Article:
The 4 Theses Of Sujit Choudhry About Constitutional Resilience In The Face Of A Populist Challenge

Sujit Choudhry is an internationally recognized figure when it comes to comparative constitutional law, having worked as an advisor to constitution building processes, governance, as well as rule of law processes for more than 2 decades in places such as Jordan, Egypt, Ukraine, South Africa, and more. He spoke or gave lectures in 30 countries, sometimes working during ceasefires or conditions of political violence. He has experience in technical advice to multi-party dialogues, leading stakeholder consultations, facilitating public dialogue sessions with stakeholders and civil society groups, drafting technical reports, engaging party leaders and parliamentarians, training civil servants and bureaucrats, and performing detailed advisory work.

Recently, he shared his thoughts in regards to the idea of enhancing the resilience of a constitution in order to ensure that it survives in the face of a populist challenge, setting out his argument in 4 theses. Before outlining his theses, he mentioned Mattias Kumm, who, as he points out, argues that the populist challenge to constitutional democracy is ‘systemic’, due to the fact that its not targeting one of the core features of constitutional democracy, but instead it is aiming at all of them. Sujit Choudhry notes that according to Kumm, populists deny the idea of legitimate opposition as well as the claim that pluralism is politics’ normal condition.

His first thesis begins with a plea for modesty, noting that constitutional democrats have to be realistic and clear-eyed about what good constitutional design can achieve. Mr. Choudhry considers that we have to steer a middle course between constitutional nihilism and constitutional idealism. Idealists argue that good constitutional design can largely eliminate the risk that populism poses, where as constitutional nihilists argue that there is little (if anything) that the constitutional design is capable of doing to secure a victory when facing a populist challenge.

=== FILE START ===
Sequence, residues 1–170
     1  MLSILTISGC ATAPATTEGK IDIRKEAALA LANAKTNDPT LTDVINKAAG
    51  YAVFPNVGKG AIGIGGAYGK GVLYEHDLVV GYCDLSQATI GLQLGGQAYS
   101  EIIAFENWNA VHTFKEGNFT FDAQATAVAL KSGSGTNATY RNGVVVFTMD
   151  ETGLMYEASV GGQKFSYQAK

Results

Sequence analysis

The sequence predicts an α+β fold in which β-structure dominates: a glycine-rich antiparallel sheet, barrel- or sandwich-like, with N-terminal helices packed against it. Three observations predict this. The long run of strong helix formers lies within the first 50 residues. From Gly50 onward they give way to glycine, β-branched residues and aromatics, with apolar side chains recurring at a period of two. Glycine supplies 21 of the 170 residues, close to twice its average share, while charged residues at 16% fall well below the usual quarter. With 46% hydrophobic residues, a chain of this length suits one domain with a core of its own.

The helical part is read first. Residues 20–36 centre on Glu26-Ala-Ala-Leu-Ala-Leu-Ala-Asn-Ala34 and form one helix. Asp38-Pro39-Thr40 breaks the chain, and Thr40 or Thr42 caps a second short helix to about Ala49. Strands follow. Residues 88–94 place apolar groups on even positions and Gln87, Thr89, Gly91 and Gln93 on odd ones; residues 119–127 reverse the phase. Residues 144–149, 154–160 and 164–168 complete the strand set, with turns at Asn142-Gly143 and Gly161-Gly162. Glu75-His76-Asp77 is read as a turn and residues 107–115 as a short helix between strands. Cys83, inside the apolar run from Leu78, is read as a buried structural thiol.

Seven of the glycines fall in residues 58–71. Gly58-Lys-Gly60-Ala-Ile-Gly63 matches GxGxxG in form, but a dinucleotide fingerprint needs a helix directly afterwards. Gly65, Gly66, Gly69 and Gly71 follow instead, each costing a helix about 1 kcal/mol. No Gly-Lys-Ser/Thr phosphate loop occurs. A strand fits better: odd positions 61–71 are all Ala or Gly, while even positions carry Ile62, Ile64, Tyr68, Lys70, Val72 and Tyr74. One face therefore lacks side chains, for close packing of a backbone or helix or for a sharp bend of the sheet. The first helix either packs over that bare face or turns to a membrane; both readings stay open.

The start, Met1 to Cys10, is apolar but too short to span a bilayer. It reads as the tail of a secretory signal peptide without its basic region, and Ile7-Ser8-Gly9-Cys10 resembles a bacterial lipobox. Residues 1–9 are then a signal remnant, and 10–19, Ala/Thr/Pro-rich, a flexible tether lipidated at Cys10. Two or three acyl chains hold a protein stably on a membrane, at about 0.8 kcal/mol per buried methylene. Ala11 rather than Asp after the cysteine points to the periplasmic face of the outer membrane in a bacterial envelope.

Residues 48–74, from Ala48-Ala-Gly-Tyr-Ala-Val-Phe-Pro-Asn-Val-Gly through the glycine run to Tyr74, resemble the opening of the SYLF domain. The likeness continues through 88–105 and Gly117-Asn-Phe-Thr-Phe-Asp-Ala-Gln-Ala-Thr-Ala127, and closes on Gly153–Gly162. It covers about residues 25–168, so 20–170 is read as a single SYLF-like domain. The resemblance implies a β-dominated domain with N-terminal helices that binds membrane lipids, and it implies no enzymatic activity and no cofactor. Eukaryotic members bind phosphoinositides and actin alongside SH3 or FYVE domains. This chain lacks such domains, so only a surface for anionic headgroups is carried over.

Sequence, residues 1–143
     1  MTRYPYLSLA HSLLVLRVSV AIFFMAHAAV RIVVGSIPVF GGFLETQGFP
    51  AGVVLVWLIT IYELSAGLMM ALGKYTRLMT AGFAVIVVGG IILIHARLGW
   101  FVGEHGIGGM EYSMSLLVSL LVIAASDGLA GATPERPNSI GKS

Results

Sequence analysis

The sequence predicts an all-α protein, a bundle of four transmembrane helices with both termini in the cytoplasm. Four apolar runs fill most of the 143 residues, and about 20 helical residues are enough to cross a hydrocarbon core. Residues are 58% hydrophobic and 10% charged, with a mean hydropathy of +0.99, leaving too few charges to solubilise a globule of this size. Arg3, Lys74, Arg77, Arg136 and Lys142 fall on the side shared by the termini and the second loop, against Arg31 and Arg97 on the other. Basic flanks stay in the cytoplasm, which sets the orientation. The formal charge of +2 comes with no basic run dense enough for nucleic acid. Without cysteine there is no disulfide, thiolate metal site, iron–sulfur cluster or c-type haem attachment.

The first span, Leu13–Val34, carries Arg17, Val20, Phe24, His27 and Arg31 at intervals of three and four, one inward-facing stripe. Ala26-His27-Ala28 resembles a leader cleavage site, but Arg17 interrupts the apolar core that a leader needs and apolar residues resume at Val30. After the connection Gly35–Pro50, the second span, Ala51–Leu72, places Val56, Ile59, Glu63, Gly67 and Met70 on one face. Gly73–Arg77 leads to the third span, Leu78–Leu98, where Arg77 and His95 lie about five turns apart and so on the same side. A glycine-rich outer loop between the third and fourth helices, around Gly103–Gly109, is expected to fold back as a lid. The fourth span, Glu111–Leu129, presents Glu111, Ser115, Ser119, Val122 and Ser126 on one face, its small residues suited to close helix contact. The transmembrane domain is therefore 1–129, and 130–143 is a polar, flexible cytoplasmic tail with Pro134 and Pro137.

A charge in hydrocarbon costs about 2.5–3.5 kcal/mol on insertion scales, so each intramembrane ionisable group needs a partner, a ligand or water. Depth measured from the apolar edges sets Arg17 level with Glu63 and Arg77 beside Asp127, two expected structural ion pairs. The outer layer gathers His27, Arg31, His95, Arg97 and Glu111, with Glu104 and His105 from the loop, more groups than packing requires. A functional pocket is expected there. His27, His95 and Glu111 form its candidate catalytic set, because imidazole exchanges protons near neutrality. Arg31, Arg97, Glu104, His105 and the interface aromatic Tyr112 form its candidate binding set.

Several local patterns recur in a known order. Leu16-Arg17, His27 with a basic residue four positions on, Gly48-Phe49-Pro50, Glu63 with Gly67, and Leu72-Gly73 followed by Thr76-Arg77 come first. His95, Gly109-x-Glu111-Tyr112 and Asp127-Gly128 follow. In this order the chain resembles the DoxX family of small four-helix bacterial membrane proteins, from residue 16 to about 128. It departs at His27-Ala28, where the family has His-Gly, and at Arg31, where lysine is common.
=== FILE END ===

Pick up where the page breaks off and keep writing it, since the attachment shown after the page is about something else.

The second thesis that he brings up is the idea that the challenge that populism poses to constitutional democracy is widespread but also misunderstood. He notes that commentators often times are conflating autocrats with populists. He points out that populists are different, due to the fact that they are claiming to represent a true electoral majority, and in some cases they might genuinely command support from the majority, even conditions of competitions are fair and free. The distinction between populists and autocrats, according to Mr. Choudhry, has important implications when it comes to the goals and means of constitutional resilience.

The third point that he raises notes that we should distinguish between two ideas of constitutional resilience. On one side there’s the view which considers the threats to constitutional democracy to be coming from populist political mobilization, with politics being seen in a negative light, and on the other side there’s the view which argues that constitutional stability rests on a political foundation of power relations, and that the constitutions are providing infrastructure for a partisan and pluralist contestation. He considers that turning our back upon politics will undermine constitutional order in the long run in the face of populist challenge.

The forth and final thesis of Sujit Choudhry states that if constitutional resilience has constitutional infrastructure for political competition at its heart, then we should be broadening the institutional viewfinder of constitutional law behind its narrow focus on electoral system design. He brings up the fact that Polish contributors to the workshop have highlighted the weakening of opposing rights when it comes to the legislative process, which has been an important dimension in regards to democratic backsliding. Constitutional designers have imagined the idea of opposing rights in terms of voting rules, but they are also encompassing other tools, such as agenda-setting, oversight powers, committee chairs, etc.

Find out more here http://www.dougsandler.com/news/sujit-choudhry

Aaron Lupuloff Is Inspiring Young Minds And His Community

Anyone can make a difference in a child’s life. The educational system is a perfect way to get your foot in the door to inspire young minds. This can take place in really any community, all over the world. One man is working to better his community through a charity he founded for school kids. They work on a number of projects to inspire, educate, and uplift the local school system.